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How to choose a digital camera for wound documentation

By Donna Sardina, RN, MHA, WCC, CWCMS, DWC, OMS

Digital cameras have many helpful features, but the most important considerations for choosing a camera are hardware features. Focus on the following when choosing a camera:

Resolution. The resolution determines picture quality. The National Pressure Ulcer Advisory Panel recommends using a digital camera with a minimum of 3 megapixels
for wound photography. A megapixel is 1 million pixels. The more pixels used to produce a photo, the less grainy it will appear and the clearer any enlargements made from it will be. In essence, the more megapixels a camera produces, the clearer and more detailed the photograph will be. (more…)

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Imaging technology to aid wound care

Imaging technology to aid wound care

Nash UNC Health Care is continuing its effort to bring cutting-edge technology to the hospital.

Through a recent partnership with a Maryland-based medical imaging and data analytics company called Tissue Analytics, which is dedicated to revolutionizing wound care, Nash UNC Health Care has adopted new state-of-the-art wound imaging technology to its outpatient Wound Care Center. (more…)

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Buzz Report: Latest trends, part 2

Keeping clinicians up-to-date on clinical knowledge is one of the main goals of the Wild on Wounds (WOW) conference held each September in Las Vegas. Every year, I present the opening session, called “The Buzz Report,” which focuses on the latest-breaking wound care news—what’s new, what’s now, and what’s coming up. I discuss new products, practice guidelines, resources, and tools from the last 12 months in skin, wound, and ostomy management.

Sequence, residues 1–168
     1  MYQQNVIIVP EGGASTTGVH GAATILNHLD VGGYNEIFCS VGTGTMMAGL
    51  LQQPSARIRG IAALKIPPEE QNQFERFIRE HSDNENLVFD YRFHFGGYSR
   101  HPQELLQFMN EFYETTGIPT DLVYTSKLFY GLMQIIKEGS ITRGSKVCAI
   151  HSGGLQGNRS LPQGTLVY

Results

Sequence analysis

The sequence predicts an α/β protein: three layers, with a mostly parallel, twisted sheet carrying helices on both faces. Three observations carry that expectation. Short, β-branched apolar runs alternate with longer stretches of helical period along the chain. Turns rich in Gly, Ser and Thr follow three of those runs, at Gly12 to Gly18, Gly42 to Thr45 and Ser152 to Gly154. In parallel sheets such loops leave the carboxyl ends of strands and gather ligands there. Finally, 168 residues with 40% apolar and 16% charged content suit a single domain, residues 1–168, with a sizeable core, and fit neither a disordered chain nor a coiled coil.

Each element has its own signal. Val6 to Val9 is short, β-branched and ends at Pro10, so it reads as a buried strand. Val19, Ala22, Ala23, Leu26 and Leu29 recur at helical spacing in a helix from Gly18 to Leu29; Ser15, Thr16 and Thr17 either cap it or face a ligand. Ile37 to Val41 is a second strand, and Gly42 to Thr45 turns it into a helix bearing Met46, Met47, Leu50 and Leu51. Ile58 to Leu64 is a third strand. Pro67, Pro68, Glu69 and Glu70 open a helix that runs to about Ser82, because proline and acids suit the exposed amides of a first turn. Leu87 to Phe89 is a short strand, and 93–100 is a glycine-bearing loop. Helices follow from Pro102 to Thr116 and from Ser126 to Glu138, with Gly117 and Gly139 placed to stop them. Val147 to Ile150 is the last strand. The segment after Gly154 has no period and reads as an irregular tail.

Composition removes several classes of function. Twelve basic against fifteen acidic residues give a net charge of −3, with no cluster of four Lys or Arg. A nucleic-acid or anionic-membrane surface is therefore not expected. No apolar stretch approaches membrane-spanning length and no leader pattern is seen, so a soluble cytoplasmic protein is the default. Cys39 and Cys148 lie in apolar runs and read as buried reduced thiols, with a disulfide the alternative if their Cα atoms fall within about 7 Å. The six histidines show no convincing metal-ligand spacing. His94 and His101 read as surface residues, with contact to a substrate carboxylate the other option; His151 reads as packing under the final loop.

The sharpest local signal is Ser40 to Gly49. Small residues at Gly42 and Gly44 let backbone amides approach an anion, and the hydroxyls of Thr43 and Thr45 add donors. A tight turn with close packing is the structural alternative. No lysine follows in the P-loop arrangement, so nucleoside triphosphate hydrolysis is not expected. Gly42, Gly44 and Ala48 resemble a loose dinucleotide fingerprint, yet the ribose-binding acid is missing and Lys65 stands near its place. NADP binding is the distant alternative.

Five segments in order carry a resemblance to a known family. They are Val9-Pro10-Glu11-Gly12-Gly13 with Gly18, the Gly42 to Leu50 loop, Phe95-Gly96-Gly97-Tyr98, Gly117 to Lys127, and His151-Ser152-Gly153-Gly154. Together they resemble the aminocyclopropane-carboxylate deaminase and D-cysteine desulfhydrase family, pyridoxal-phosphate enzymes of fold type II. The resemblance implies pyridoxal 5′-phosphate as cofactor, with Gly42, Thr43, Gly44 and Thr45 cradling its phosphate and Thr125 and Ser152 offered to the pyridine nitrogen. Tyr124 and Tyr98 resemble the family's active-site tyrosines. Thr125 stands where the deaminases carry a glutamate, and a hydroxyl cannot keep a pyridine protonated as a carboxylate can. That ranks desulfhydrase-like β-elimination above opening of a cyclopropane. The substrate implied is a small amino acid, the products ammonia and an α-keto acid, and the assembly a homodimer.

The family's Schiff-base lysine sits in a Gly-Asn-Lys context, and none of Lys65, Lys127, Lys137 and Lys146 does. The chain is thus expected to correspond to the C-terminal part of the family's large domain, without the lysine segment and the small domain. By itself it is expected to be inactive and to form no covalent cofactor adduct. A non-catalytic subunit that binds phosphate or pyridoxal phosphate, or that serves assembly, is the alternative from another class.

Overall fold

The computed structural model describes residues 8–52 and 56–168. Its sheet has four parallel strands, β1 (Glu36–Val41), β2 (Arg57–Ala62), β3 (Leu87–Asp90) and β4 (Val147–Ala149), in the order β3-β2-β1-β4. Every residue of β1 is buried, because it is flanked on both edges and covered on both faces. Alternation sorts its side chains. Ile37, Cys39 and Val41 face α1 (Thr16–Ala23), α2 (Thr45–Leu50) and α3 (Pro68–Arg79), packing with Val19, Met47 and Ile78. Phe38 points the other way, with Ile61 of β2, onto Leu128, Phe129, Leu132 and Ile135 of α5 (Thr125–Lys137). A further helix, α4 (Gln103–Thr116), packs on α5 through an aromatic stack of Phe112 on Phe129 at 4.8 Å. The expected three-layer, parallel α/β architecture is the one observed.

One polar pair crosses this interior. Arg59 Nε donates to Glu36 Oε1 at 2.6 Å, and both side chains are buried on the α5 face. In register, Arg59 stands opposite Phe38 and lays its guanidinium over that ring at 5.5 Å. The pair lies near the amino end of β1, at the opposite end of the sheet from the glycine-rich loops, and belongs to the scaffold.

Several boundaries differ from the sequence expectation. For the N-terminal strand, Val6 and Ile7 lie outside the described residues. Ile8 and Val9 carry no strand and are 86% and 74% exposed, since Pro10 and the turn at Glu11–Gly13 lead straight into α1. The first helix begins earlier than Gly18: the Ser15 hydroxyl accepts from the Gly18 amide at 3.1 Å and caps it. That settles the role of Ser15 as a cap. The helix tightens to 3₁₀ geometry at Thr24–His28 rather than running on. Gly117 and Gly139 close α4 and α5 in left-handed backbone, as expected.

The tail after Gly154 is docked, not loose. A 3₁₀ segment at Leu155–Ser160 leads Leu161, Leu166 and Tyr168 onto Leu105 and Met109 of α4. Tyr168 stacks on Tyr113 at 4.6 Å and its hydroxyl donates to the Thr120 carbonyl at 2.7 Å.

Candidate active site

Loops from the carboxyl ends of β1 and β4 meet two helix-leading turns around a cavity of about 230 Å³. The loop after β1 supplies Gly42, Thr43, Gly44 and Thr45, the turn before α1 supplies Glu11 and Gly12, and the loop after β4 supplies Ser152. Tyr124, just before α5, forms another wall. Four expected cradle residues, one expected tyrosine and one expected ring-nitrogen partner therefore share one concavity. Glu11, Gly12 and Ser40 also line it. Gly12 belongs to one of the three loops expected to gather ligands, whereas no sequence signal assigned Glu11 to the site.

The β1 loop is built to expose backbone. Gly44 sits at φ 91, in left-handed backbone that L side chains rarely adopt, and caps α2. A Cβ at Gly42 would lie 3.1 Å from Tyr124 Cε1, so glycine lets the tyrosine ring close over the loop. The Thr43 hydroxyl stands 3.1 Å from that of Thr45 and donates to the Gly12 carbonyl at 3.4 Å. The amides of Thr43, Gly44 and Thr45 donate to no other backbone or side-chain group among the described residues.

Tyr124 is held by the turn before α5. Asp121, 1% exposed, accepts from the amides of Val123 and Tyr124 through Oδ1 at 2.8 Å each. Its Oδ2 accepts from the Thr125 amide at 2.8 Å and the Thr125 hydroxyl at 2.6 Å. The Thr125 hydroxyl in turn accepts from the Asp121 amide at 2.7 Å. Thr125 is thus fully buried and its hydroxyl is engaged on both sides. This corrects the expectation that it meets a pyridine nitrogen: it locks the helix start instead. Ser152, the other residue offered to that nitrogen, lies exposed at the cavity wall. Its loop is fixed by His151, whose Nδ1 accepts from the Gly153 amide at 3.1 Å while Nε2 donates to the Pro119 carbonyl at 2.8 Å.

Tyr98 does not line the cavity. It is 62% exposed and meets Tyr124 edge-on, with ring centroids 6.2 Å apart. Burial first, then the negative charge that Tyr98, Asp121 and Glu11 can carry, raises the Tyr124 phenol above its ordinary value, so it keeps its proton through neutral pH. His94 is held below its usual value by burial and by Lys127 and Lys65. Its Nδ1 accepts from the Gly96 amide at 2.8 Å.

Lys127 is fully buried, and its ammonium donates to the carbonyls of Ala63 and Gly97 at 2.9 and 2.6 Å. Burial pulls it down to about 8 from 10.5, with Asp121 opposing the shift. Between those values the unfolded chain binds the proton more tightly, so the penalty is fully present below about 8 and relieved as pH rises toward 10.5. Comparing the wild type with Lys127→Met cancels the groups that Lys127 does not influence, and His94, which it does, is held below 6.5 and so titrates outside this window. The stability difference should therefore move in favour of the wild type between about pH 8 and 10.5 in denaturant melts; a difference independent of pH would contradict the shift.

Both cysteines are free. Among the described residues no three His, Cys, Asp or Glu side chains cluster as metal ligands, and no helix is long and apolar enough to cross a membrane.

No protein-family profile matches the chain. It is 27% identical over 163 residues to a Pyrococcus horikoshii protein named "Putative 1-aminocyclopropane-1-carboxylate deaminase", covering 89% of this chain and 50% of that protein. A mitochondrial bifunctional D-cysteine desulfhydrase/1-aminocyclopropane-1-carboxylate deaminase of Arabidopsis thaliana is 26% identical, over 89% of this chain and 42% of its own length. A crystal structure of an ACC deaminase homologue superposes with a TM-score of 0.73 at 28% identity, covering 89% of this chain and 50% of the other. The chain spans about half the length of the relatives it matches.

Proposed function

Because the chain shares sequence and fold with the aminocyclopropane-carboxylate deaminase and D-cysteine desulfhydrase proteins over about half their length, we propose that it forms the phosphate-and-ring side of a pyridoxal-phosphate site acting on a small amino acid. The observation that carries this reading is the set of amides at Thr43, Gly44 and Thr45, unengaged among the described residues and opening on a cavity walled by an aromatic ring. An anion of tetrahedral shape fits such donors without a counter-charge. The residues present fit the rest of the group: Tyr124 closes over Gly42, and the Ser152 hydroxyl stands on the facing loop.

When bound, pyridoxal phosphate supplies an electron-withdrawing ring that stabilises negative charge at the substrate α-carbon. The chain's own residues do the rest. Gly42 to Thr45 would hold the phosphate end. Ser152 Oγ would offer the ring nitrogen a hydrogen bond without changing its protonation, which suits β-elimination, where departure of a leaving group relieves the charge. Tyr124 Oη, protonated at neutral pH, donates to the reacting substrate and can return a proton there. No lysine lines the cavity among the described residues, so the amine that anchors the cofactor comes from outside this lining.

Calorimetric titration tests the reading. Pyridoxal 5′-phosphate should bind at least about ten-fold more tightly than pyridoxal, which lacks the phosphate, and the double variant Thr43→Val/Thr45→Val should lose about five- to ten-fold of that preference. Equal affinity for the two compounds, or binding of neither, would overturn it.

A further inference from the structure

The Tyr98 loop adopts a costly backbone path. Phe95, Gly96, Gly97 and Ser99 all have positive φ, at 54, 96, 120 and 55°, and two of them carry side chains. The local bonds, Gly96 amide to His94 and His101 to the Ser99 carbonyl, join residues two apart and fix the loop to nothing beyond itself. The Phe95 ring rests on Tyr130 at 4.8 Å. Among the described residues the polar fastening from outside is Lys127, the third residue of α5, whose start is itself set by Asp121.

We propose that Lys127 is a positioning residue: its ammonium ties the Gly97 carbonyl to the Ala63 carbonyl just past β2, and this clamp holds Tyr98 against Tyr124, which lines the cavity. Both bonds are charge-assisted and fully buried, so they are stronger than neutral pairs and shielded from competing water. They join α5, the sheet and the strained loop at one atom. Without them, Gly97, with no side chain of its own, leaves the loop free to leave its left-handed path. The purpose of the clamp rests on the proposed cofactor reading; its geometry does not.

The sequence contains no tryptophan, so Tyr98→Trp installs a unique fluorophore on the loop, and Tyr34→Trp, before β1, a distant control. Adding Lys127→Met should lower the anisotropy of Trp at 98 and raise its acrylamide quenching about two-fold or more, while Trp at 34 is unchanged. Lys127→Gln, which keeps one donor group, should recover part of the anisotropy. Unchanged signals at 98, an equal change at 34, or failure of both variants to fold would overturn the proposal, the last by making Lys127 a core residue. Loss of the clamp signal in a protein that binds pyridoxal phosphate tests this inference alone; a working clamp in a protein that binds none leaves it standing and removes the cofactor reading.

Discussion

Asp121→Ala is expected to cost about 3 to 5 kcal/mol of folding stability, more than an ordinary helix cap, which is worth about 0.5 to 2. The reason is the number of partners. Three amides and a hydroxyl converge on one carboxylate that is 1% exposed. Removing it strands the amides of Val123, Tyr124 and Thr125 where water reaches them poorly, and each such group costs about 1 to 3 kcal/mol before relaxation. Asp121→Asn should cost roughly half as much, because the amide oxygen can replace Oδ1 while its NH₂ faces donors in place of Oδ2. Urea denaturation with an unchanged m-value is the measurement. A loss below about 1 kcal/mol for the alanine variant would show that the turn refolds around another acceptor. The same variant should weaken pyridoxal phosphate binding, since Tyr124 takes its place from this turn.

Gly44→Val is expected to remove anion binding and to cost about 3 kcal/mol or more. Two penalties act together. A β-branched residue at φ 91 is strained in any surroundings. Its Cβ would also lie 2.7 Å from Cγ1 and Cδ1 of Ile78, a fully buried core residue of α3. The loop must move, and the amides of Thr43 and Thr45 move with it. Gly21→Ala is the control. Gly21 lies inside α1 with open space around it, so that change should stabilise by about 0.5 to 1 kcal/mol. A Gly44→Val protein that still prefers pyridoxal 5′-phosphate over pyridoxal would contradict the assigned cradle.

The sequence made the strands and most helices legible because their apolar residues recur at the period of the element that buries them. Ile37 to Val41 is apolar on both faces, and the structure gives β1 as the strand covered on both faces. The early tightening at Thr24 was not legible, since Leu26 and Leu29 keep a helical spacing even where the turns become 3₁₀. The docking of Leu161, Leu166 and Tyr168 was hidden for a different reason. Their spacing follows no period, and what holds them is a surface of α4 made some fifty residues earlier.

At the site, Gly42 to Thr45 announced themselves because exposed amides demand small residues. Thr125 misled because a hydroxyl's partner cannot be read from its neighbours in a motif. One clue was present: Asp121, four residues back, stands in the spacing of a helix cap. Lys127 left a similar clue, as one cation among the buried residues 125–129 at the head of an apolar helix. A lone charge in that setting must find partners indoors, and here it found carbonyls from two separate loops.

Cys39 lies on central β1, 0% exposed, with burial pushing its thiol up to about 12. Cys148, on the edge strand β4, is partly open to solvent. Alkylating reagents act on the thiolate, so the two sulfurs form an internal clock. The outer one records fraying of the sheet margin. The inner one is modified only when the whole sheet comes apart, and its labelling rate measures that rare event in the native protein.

In the January issue, I discussed some of the updates from my 2015 Buzz Report. Now I’d like to share a few more, along with some of my favorite resources. (more…)

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Case study: Early detection and treatment resolves a deep tissue injury

deep tissue injury

By Todd Zortman, RN, WCC, and James Malec, PhD

Pressure ulcers are a chronic healthcare burden for both patients and pro­viders. Over 2.5 million patients in the United States are affected annually by pressure ulcers, with nearly 60,000 of those cases directly resulting in death. From a provider’s perspective, the cost of individual care ranges anywhere from $500 to $70,000 per pressure ulcer, which translates to annual costs in the U.S. approaching $11 billion. (more…)

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